This is an adjustment to reality. The fact is that, you know, in the glory days the 40s, the 50s, the 60’s, the UAW was able to give its workers the highest wages, benefits in the world. That was because of an anomaly that we were only industrial country that came out of second World War intact. Europe was on its knees, Germany and Japan were rubble. So, we thought that was the natural order of things. It wasn’t.
And when the other industrial countries recovered, we got world competition as we have. We ran into bankruptcies, Chrysler now twice. We see that in the southern states where the transplants are without the unions. They weren’t the ones who went bankrupt last in 2008 and 2009. So it really is a choice. It’s a tough choice, and I sympathize with the unions, but the fact is that in the global economy where you have to compete on wages and other elements, of the units of production, you can you either have, you know, high wages with low employment or you can, as Obama would say, spread around the wealth.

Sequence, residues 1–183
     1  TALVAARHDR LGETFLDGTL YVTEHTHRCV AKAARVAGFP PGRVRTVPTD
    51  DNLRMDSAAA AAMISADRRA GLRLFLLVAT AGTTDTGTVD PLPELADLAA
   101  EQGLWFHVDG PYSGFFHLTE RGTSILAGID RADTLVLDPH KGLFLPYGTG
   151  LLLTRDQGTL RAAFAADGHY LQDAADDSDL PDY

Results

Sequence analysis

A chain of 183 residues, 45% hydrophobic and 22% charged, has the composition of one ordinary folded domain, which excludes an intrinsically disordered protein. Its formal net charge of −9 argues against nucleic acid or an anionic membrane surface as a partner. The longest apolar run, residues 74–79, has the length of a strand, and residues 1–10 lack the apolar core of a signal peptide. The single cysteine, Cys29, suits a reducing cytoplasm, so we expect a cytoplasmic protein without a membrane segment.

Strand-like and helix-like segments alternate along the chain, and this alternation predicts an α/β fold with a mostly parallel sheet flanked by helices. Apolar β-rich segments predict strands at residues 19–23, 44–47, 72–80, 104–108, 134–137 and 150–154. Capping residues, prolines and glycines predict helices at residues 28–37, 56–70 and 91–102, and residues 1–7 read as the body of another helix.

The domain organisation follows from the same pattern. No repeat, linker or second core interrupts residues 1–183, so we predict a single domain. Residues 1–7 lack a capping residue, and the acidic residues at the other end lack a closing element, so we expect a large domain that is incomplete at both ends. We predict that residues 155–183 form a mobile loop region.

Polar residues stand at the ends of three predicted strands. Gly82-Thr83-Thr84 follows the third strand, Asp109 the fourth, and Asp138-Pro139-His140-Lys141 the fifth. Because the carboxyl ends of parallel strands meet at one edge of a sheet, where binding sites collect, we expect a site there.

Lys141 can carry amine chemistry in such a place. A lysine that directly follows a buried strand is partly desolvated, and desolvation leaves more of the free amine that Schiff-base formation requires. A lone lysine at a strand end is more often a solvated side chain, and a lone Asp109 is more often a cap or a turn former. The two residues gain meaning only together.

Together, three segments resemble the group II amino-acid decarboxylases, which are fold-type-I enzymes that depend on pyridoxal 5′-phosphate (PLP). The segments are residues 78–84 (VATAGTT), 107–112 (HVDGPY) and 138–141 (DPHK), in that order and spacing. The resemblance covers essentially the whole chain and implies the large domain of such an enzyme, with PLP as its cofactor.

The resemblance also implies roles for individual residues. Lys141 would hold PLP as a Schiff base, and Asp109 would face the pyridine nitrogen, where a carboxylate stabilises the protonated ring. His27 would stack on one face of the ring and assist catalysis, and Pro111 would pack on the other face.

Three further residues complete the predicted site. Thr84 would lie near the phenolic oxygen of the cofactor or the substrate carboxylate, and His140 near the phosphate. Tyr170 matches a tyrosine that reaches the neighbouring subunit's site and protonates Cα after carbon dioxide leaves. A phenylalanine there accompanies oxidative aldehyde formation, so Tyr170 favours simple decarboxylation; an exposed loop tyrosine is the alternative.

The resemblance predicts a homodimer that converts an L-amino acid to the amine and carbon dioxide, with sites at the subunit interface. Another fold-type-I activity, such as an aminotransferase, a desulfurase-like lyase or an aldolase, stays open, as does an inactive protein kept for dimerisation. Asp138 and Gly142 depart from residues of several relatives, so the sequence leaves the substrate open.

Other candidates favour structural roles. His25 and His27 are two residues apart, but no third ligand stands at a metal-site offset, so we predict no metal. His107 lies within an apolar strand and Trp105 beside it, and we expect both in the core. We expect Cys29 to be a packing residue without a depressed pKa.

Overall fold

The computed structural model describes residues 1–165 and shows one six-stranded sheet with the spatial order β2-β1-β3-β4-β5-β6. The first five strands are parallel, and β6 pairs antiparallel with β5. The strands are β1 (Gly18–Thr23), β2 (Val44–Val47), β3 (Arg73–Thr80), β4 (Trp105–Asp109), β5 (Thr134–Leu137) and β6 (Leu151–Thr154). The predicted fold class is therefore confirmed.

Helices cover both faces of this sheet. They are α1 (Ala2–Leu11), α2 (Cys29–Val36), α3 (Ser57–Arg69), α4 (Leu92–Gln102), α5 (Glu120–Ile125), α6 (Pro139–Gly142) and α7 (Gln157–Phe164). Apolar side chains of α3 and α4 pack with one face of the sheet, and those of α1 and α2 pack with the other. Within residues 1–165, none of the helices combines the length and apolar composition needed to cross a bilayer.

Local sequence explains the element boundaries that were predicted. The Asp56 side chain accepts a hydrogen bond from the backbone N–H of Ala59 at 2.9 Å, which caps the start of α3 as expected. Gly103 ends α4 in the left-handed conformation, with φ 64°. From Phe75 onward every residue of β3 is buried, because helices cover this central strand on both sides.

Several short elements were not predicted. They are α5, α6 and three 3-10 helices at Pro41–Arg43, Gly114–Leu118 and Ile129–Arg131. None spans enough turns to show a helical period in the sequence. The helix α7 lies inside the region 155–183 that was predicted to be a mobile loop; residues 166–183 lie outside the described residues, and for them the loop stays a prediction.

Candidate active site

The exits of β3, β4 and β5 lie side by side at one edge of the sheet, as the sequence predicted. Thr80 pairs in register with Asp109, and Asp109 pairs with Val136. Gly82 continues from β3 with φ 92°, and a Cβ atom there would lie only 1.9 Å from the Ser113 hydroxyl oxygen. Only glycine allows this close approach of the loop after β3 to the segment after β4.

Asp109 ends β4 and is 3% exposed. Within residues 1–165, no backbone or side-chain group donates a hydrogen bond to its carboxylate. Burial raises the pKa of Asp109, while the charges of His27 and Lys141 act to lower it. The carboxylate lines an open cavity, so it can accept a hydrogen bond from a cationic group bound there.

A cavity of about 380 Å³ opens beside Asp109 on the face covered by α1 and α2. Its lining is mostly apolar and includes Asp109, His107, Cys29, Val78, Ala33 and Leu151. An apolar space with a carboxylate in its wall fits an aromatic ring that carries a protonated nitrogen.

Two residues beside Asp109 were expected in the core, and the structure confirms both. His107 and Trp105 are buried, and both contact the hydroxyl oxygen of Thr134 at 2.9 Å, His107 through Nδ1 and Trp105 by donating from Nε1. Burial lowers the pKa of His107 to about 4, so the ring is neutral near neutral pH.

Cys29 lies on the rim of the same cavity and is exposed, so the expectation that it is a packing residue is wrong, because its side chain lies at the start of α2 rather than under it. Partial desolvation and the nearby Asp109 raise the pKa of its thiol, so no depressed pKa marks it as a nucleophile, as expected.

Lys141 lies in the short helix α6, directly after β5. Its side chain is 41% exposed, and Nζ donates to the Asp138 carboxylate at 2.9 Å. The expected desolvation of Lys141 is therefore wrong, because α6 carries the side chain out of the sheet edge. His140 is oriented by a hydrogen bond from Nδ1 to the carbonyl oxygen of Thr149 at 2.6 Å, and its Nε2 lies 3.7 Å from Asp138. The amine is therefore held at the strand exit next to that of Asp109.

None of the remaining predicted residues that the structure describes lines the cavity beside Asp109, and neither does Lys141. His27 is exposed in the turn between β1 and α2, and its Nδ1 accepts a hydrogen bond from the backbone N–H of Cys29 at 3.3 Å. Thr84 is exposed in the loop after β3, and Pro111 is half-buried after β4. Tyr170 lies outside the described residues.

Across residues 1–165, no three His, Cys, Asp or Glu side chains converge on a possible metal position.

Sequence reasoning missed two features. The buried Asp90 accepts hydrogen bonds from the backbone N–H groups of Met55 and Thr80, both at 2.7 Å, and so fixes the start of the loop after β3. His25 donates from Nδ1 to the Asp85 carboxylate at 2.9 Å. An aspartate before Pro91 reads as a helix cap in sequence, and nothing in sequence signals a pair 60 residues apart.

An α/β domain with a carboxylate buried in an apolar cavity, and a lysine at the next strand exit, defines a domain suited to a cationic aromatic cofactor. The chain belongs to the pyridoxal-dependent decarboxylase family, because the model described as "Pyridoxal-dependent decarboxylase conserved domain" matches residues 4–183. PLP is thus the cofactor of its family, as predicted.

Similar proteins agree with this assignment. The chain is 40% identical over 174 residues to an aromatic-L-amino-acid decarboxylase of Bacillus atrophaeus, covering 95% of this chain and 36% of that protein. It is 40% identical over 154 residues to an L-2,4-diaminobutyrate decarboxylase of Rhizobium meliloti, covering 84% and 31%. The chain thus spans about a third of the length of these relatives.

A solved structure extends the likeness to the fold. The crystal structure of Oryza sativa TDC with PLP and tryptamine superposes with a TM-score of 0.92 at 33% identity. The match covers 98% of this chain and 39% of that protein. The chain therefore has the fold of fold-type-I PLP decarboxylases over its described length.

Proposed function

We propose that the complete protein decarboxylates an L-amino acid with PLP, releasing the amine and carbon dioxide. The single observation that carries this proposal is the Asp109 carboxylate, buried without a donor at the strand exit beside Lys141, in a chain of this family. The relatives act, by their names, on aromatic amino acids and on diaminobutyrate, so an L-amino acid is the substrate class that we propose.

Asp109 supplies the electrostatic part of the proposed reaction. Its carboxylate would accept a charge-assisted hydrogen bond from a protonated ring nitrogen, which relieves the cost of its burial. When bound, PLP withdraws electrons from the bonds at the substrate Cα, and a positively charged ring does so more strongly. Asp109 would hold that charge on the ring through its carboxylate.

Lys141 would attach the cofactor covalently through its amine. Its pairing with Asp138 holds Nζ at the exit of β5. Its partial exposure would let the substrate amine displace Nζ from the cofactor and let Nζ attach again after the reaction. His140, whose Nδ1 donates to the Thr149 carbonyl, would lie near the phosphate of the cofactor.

The fact is that in the right-to-work states, unemployment is 6.9%. And in the other stays the non-right-to-work, it’s 8.7. So you can choose to have fewer workers who enjoy higher, inflated, unnatural, if you like, wages, uncompetitive wages. Or you can have competitive wages and more people employed, more people with the dignity of a job and less unemployment, more taxation and more activity. I think it’s it the right choice but I understand how it’s a wrenching choice.